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What happens in the next few years will determine whether Sarasota becomes another ho-hum Florida coastal community for retirees or the kind of world-class city that it was always intended to be.
Last night Sarasota City Commission voted to dismiss a proposed amendment to the city ordinance which governs large events downtown by a margin of 4-1.
Commissioner Hagen Brody took a strong stand in support of large events stating more than once during his comments that this was “a solution without a problem.” Brody continued to challenge the idea of restricting the approval process for events downtown saying “I support any effort to simplify the events approval process, and I would be opposed to any effort which makes that process more difficult.”
The changes to the ordinance would have affected almost every major event taking place inside the downtown core by giving condo owners the ability to veto events that propose any street closings inside the city limits.
Here is a link to the agenda from last night’s meeting if you are interested in learning more.
Click here for a direct link to a PDF of the proposed changes.
Presented by Patrick Gannon on behalf of the Downtown Sarasota Condo Association, the proposed changes were a direct response to the city’s request for stakeholder input after deferring a decision on the same issue back in Feb of 2017.
Related – Watch our coverage of the process last year
Related – Our live video from city hall last year when the city voted to kick the can
During his presentation, Gannon stated that the proposed changes were “reached by a consensus of stakeholder organizations,” but a clever person might question the strength of that consensus upon discovering that it was made up of only 3 organization and was reached during a meeting which only 40 people attended.
Ron Sotto, Vice-Chairman of the Downtown Improvement District Board as well as an active member of the Downtown Merchants Association (one of the three organizations Gannon claims makes up his consensus) spoke out against the proposed changes. “We really have to question whether it’s worth putting some of these events on because of the costs…” he said in reference to the additional burden these changes would place on event organizers.
Commissioner Ahern Koch (the only vote in support of the proposed changes) along with Mayor Shellie Eddie and Liz Alpert, sought to clarify the confusion surrounding the wording of the proposed amendments on multiple occasions throughout the hearing. Specifically, they wanted clarification on section B of the proposed amendment which reads as follows:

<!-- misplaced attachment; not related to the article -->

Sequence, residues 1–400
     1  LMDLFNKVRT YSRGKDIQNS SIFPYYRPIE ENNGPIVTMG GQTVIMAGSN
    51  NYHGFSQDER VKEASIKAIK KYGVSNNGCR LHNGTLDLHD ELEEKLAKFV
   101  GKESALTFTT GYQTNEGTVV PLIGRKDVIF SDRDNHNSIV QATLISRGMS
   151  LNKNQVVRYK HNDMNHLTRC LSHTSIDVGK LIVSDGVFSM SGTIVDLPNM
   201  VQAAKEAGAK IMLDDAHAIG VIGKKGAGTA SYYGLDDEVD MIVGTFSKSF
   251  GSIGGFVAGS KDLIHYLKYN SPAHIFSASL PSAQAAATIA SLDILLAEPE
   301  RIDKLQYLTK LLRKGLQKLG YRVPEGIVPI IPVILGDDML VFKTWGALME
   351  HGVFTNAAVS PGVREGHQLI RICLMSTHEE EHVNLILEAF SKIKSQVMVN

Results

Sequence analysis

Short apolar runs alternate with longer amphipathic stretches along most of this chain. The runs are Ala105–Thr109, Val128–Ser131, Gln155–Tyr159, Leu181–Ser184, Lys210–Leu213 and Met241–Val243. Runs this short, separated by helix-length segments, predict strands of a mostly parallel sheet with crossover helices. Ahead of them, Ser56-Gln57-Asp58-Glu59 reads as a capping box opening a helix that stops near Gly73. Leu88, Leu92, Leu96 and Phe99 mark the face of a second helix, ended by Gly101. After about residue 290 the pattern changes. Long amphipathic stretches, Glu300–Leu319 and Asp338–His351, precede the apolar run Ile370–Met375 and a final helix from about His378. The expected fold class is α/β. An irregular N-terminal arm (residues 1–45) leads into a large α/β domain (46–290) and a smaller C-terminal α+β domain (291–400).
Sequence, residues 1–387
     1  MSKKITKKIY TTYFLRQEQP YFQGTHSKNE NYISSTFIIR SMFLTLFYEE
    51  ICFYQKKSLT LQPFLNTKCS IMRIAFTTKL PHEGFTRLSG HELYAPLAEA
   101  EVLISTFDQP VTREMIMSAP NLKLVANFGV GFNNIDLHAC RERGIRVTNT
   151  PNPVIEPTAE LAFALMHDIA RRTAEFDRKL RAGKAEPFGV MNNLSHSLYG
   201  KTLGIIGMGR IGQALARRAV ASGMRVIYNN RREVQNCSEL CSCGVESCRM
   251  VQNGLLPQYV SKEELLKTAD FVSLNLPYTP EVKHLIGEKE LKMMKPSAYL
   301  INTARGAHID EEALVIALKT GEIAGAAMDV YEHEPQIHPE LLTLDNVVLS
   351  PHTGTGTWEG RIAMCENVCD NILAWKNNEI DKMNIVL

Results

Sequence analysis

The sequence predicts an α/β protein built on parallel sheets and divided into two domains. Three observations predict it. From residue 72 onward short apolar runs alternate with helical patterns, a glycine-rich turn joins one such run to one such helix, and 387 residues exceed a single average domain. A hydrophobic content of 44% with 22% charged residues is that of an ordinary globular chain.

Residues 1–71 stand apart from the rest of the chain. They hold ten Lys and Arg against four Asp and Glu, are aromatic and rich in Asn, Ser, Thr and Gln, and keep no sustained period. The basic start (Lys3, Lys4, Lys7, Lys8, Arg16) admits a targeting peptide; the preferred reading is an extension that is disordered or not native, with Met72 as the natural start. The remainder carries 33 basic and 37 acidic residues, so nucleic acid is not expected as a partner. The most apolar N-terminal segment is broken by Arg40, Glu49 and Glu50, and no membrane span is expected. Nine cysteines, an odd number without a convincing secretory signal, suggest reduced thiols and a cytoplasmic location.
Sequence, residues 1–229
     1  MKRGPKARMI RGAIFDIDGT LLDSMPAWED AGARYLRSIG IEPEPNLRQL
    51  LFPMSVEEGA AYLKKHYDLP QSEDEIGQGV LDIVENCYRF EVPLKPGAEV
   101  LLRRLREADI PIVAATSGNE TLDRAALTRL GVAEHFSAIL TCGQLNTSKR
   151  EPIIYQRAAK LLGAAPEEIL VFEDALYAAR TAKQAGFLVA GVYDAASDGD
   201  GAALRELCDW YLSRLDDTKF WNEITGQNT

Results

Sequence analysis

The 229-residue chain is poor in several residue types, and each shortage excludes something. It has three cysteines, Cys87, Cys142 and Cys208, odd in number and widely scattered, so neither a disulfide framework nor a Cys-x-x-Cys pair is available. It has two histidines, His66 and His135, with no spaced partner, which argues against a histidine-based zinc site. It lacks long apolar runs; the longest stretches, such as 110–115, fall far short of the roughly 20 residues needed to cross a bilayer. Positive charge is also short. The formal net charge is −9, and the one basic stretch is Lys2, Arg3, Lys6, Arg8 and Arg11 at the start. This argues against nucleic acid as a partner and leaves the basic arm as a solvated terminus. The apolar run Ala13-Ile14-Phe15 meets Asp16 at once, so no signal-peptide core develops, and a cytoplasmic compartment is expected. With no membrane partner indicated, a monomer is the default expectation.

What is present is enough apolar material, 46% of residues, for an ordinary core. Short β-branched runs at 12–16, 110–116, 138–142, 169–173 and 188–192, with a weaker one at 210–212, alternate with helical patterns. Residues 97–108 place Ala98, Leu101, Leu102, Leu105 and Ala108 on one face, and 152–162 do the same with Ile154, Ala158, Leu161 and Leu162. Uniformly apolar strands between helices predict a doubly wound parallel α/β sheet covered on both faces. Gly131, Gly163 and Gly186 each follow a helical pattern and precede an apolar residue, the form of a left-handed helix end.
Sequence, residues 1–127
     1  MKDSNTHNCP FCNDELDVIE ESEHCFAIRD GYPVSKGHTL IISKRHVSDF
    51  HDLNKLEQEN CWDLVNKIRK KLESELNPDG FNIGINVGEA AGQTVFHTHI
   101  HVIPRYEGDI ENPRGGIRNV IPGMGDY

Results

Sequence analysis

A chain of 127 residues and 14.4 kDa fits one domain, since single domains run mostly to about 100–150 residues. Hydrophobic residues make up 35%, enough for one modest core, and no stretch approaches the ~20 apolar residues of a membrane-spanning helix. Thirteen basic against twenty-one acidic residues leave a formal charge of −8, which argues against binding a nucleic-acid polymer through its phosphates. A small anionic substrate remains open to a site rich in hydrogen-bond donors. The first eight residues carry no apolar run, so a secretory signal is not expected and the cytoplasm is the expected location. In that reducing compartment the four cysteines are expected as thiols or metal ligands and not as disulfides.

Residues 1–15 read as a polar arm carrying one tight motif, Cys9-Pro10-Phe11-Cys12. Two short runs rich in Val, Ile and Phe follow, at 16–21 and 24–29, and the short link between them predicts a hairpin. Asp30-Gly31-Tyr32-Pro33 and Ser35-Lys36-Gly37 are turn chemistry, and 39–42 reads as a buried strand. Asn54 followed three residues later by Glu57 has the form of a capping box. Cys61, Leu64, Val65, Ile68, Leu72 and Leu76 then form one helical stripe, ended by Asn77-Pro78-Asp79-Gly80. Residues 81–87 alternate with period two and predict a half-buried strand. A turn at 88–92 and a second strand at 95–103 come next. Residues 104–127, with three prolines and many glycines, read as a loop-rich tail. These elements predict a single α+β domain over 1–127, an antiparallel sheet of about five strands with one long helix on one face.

B. Event-related street closures of any duration that prevent vehicular access, including limited vehicular access, to any residential building are prohibited under all circumstances except where 100% of the Affected Parties who are constrained by that condition have agreed to such closure.
The concern was that the language as written could be interpreted to restrict almost any event that proposed closing a street anywhere inside the city limits. Coupled with other concerns regarding the proposed changes, the end result was a vote to reject the proposal by a margin of 4-1.
During a conversation after the hearing Gannon sought to clarify his position. He claimed that the intention of the changes was to simplify the process of planning and approving events downtown. I told him it seemed that the opposite was true based on the presentation we had just seen and then asked why they never used language that clearly stated those goals in their presentation to the city. Gannon had no good answer.
I pressed further to try and understand their motives for the proposed changes. More specifically, I wanted to know if their true intention were to simplify the process of planning and approving events downtown, then why not reach out to the event planners themselves or bring in more than two other community organizations to come up with the proposed changes? Again, Gannon gave no good answer. This left me strongly questioning the real motives behind these proposed changes, and more than a bit relieved that the city voted to reject the changes.
What do you think? Should we support vibrant and diverse events in the downtown core? Or should we give the condo owners more control? Share your thoughts on social media, and share this message with a friend who might find this information useful. It helps us reach a larger audience, and gets us closer to our goal of Creatively Connecting Sarasota.
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